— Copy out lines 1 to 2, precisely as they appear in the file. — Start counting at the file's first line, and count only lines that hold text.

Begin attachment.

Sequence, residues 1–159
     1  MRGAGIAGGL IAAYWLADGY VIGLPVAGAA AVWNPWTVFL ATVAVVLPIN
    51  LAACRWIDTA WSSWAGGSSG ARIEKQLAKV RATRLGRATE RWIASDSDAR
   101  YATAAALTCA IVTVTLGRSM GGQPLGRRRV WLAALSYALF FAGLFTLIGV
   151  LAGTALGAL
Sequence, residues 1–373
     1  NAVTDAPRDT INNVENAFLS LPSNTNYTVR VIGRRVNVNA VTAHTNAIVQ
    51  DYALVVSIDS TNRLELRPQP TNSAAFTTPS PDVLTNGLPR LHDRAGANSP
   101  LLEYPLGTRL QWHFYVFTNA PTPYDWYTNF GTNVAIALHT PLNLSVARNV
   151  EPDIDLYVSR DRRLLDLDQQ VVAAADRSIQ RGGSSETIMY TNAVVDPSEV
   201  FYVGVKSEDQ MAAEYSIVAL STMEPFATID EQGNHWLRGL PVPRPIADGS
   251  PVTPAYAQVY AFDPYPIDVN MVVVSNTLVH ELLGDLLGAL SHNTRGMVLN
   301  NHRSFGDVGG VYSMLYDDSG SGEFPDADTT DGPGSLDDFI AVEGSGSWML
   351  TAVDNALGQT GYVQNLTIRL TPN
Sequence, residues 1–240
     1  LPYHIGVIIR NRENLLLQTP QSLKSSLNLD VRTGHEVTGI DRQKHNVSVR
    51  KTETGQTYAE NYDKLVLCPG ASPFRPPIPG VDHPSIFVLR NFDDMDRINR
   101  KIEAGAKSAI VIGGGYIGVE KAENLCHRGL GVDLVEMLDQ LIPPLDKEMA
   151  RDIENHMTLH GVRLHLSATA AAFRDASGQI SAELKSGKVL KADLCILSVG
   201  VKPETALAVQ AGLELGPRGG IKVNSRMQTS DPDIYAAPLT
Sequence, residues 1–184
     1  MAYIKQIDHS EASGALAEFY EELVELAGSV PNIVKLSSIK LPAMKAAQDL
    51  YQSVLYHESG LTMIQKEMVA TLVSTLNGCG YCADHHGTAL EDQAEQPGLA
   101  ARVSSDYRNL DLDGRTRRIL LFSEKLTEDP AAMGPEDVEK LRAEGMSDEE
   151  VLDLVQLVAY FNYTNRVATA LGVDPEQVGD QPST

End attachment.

Sequence, residues 1–159
     1  MRGAGIAGGL IAAYWLADGY VIGLPVAGAA AVWNPWTVFL ATVAVVLPIN